How to Prepare For Your Foster Dog

As with any new animal, you’re going to need to prepare your home and yourself for their introduction to your life:

  • It’s important to have a separate room or space to isolate the foster from your staffy, especially, if the foster has health issues. If they don’t have health issues, it’s still important to keep them isolated from your staffy when you’re away from your home.

  • Keep in mind there’s, most likely, going to be a lot of clean up or damage to your home involved in fostering a dog; they might ruin drapes, carpeting, or clothing. Basically, keep valuable items away from the foster’s reach and you shouldn’t have any problem.

  • Make sure you’re able to monitor the foster’s health. It’s important to coordinate with the shelter’s foster coordinator about your foster’s health issues. Therefore, you’ll know what to look out for when observing them at your home.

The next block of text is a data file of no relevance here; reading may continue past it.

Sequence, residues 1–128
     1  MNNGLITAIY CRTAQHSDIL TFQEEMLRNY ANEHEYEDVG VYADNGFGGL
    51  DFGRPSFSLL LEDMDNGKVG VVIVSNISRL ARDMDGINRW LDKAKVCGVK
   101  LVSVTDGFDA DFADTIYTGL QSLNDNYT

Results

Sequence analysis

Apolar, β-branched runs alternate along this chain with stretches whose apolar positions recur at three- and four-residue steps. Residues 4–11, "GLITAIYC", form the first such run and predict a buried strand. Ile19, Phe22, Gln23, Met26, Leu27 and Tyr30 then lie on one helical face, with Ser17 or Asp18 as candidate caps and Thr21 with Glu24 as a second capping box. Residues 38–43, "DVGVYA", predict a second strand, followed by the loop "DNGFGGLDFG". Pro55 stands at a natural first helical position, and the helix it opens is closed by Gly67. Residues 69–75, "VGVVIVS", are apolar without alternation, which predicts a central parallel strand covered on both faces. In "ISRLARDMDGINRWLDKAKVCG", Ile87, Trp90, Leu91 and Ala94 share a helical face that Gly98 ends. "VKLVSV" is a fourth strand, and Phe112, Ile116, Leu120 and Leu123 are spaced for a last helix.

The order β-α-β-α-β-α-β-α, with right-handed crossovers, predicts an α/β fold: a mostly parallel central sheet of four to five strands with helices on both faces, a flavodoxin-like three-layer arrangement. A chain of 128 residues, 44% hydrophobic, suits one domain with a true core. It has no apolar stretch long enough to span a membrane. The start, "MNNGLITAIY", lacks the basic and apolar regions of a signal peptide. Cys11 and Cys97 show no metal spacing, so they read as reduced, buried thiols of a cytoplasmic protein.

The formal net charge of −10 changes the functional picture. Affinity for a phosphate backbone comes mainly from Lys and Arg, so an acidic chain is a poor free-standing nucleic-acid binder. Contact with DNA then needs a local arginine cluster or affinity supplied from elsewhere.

• Be sure you’ll be able to get to the vet quickly if something seems wrong. Usually, the shelter or organization you’re working with will refer you to a vet.

  • Remember you can’t just give the dog to someone who seems interested, whether it be a friend or family member, they’ll still need to go through the adoption process at the shelter or organisation.

  • You’ll most likely need to go through a foster parent training session and fill out a fostering application.
  • Now that you're prepared for the dog fostering process, its time to move onto the reasons fostering’s such a rewarding experience.

    The Benefits of Dog Fostering

    Gets your Staffy Used to Other Dogs in a Controlled Environment

    As a staffy owner, you probably worry about how well your staffy will get along with other dogs? After all, a staffy’s a big and energetic breed that rarely meets another dog with similar strength.